How Spices Can Help Remove Fish Smell From Your Kitchen

What's not to love with fish? They absorb seasonings beautifully, can be cooked in many ways, and are packed with omega-3 fatty acids, vitamins, and minerals, per the Washington State Department of Health. But like curry and garlic, fish odors tend to linger in the kitchen long after cooking. But why, and how to get rid of the stench?

Odor Klenz explains that fish contain trimethylamine oxide within their tissue. Though odorless, when this chemical meets oxygen (aka after the fish is killed), it begins to convert "into derivatives of ammonia." More specifically, trimethylamine oxide becomes trimethylamine, which is responsible for that fishy smell. (According to the National Library of Medicine, this is at "low concentrations." In higher amounts, the chemical smells more strongly of ammonia.) Trimethylamine oxide also tends to be more present in saltwater fish versus freshwater.

While you could follow Delish's advice and either poach fish or wrap it in parchment paper and bake it in the oven, as these methods will keep the fish odors within their respective cooking vessels, surely an experienced home cook will want to reap the benefits of pan-frying fish at some point. This inevitably will result in those fishy smells we're all too familiar with, but fortunately, there's a way to eliminate them with some help from your spice cabinet.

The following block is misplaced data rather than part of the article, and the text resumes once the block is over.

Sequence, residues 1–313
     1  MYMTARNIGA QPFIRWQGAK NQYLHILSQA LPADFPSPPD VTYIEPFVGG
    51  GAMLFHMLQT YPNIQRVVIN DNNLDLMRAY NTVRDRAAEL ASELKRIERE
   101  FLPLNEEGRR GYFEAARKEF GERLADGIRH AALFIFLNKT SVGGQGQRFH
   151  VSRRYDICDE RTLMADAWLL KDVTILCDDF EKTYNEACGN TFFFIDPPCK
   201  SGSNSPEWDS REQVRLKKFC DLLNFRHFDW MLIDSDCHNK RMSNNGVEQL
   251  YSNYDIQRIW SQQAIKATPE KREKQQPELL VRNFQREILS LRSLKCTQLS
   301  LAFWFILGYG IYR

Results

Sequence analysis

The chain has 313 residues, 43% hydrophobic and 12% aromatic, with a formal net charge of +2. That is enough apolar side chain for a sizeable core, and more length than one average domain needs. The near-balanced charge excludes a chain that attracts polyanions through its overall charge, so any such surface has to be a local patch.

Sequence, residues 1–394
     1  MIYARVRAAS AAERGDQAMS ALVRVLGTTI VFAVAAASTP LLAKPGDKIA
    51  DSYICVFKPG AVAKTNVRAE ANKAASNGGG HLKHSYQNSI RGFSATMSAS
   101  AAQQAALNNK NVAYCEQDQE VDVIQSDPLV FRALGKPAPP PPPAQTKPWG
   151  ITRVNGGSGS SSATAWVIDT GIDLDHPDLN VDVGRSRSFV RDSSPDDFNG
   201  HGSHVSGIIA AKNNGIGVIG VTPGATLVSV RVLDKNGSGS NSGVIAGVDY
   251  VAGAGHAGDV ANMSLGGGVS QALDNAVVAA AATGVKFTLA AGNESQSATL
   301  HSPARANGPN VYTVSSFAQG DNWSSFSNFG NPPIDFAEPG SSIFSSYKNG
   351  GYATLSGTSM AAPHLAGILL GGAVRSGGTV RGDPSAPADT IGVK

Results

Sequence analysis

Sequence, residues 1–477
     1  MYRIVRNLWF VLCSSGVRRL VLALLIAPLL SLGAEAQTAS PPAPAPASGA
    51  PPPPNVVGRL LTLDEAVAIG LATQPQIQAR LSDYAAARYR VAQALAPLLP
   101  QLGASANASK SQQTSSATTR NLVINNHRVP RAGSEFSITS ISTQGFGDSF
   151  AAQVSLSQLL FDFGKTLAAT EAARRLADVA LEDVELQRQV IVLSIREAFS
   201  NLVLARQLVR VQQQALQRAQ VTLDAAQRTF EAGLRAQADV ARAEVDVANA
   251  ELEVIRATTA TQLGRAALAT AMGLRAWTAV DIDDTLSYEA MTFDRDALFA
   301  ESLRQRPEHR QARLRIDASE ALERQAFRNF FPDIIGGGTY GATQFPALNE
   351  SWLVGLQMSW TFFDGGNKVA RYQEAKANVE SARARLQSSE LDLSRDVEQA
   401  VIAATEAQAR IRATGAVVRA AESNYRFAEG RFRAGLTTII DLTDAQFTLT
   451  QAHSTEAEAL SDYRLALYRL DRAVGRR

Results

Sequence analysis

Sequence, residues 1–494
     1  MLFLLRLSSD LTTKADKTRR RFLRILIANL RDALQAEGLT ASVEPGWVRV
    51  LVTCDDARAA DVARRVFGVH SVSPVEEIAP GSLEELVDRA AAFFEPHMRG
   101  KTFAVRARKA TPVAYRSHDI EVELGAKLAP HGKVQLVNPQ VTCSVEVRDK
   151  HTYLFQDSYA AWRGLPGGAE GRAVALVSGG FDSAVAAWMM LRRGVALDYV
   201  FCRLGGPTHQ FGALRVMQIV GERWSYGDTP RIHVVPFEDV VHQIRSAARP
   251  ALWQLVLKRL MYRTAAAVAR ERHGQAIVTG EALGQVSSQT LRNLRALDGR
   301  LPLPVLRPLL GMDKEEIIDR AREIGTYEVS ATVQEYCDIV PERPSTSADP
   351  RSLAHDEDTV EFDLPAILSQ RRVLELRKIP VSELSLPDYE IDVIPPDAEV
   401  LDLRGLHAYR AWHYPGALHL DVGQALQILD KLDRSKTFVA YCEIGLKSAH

Look for simmering spices

We have spices to thank for making food look colorful and taste heavenly, but they can also help eliminate strong post-cooking stenches — like those that come from your favorite fish recipe. And the secret lies in the use of a simmer pot, according to Southern Living.

Homestead and Chill states that simmer pots can be made with water and an array of natural ingredients, some of which are spices you likely already have in your pantry: rosemary, thyme, cinnamon sticks, bay leaves, and star anise. You can also use citrus peels or zest, fresh cranberries, or apple slices for a fruity note, or even some pine if you happen to have it. Mix these in a pot of water and simmer for at least 15 minutes to remove any unpleasant kitchen smells.

If you cooked your fish for dinner and just want to put your feet up and relax (or if that fishy smell just won't quit and you're tired of sitting in a hot, stinky kitchen) Apartment Therapy says you can use a slow cooker for your simmer pot instead of the stovetop, which will allow you a few minutes of peace. Just remember to keep the pot at least half full, topping it off as the water evaporates.

So don't be afraid to let those fish smells wreak havoc in your kitchen, because it's nothing that a few spices can't handle.